Less than 24 hours after Deputy Attorney General Rod Rosenstein incinerated his professional reputation by authoring and signing a document that President Donald Trump used as his excuse for firing FBI Director James Comey, Rosenstein’s defenders starting leaking to the media that Rosenstein nearly resigned over the whole episode.

If anyone, including Rosenstein, believed this behind-the-scenes look into his thought process would salvage his reputation, they clearly don’t understand what a reputation is. The time to resign would have been when Rosenstein was ordered to write the memo, which has been derided by legal experts as a “bad op-ed.”

The reason why 94 Senators voted to approve Rosenstein’s nomination as Deputy Attorney General is because throughout his nearly 30-year career as a prosecutor, Rosenstein had earned the respect of Democrats and Republicans alike. He also had a reputation as an attorney of integrity who placed the law above partisanship. But Jack Goldsmith, a Harvard Law professor with years of experience in the Department of Justice and Department of Defense, was so stunned by Rosenstein’s role in Comey’s firing that he said it would now be impossible to judge how anyone joining the Trump administration would act since “as of seven or eight hours ago, Rod Rosenstein had a reputation for extraordinary independence which based on what we know now doesn’t seem to be the case anymore.” (Goldsmith knows a thing or two about political independence. He led the Office of Legal Counsel for George W. Bush, and resigned his position in order to draw attention to his memo to Bush showing that the legal documents the administration had been relying on to justify the use of torture in the wars in Afghanistan and Iraq were defective.)

In the long six months since Trump won the presidency, we’ve watched as one leader after another has thrown away their reputations by folding in the face of Trump’s bluster. House Speaker Paul Ryan is probably the most public example. But even the “maverick” Sen. John McCain has limited his willingness to confront Trump to mere tough talk. Although he surely knew that Attorney General Jeff Sessions would be an ethical disaster for the Department of Justice, McCain nonetheless voted to approve his appointment.

The reputational damage Trump wreaks has even trickled down to state and local officials. Here in Massachusetts, Gov. Charlie Baker was too timid to criticize Trump for appointing a white supremacist as one of his key advisors. In the sanctuary city debates that have popped up across Massachusetts in the wake of Trump’s anti-immigrant fervor, there have been numerous examples of courage, but it’s not at all hard to find municipal leaders who refuse to back such measures for fear that Trump will make good on his threat to withhold federal monies from sanctuary cities.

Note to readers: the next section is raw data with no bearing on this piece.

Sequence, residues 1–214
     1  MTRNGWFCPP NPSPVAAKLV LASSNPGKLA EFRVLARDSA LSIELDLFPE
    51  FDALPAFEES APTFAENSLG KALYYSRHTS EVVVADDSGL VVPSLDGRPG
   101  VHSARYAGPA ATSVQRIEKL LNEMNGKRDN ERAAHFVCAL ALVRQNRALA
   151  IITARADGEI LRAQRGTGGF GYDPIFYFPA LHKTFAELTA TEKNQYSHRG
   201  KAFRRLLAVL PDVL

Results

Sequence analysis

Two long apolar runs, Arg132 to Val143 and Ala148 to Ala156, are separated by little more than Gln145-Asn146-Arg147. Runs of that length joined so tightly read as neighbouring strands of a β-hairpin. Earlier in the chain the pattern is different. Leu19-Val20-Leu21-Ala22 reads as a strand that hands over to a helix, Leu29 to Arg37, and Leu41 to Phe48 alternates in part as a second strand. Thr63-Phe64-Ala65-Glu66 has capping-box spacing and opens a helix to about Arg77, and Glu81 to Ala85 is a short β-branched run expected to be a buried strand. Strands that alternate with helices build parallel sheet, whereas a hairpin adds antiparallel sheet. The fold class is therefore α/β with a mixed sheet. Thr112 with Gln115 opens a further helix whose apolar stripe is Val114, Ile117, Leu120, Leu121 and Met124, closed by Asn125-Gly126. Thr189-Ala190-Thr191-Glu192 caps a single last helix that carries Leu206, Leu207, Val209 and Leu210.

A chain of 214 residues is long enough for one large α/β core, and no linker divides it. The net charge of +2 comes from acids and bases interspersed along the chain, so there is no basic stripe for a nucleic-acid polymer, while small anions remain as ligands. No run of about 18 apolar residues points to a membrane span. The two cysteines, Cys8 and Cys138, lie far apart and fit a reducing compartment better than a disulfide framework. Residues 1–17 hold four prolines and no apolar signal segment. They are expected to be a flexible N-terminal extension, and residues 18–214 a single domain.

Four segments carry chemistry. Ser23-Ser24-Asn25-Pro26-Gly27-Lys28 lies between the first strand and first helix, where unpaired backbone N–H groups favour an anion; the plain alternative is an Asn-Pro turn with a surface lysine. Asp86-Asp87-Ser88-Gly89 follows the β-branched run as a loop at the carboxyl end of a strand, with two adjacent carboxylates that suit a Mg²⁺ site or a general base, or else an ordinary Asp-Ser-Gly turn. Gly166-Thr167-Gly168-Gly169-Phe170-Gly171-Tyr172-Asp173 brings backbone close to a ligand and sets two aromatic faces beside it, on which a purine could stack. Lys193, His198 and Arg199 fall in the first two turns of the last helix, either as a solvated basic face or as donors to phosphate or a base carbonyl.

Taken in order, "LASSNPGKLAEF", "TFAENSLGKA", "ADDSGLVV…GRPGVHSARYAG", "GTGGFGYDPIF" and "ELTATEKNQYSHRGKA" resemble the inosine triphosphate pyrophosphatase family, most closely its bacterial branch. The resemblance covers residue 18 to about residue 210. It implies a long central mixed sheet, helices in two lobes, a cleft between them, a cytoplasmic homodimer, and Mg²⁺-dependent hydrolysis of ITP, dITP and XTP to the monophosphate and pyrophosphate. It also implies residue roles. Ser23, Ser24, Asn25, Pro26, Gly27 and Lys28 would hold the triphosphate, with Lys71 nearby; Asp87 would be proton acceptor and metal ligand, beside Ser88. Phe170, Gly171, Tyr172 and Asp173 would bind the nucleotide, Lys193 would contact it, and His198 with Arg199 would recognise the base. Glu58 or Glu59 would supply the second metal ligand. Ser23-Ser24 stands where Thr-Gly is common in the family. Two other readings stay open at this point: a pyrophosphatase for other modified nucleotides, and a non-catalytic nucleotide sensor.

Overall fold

This kind of cowardice is nothing new. But the cascade effect of watching every reputation touched by Trump turn to ash feels new. If the Republic survives Trump, we need to remember who did what to enable Trump, and we must never let anyone forget.

This will be much harder to do than it sounds.

Forty-three years ago, Richard Nixon ordered his Attorney General Eliot Richardson to fire Archibald Cox, the special prosecutor investigating the Watergate break-in. Richardson refused to fire Cox and resigned in protest. Nixon then turned to Deputy Attorney General William Ruckelshaus and ordered him to fire Cox. Ruckelshaus also refused and resigned. Nixon finally found his yes man in Solicitor General Robert Bork, who fired Cox.

Fourteen years after Bork’s grotesque act of sycophancy, Ronald Reagan appointed him to the Supreme Court. This attempt by the hard right to reward Bork’s willingness to put party over country was met with fierce resistance, and a bipartisan majority of senators ultimately blocked his nomination. The incident should be remembered as a principled defense of democracy. Instead, thanks to short memories polluted by rank partisanship, it’s remembered quite differently today: nearly everyone on the right, on the left, and in the center traces the beginning of the end of Senate decorum to Bork’s defeat.

American voters, despite the low regard with which they hold politicians, are quick to forgive their leaders’ most egregious missteps. That’s fine. But going forward, we can’t afford to forget anything about the morally corrupt Trump administration. If we get out of the next four years intact, who can say if democracy would survive a second round like this?

Susan Ryan-Vollmar, a communications consultant, was formerly editor-in-chief of Bay Windows and news editor of the Boston Phoenix.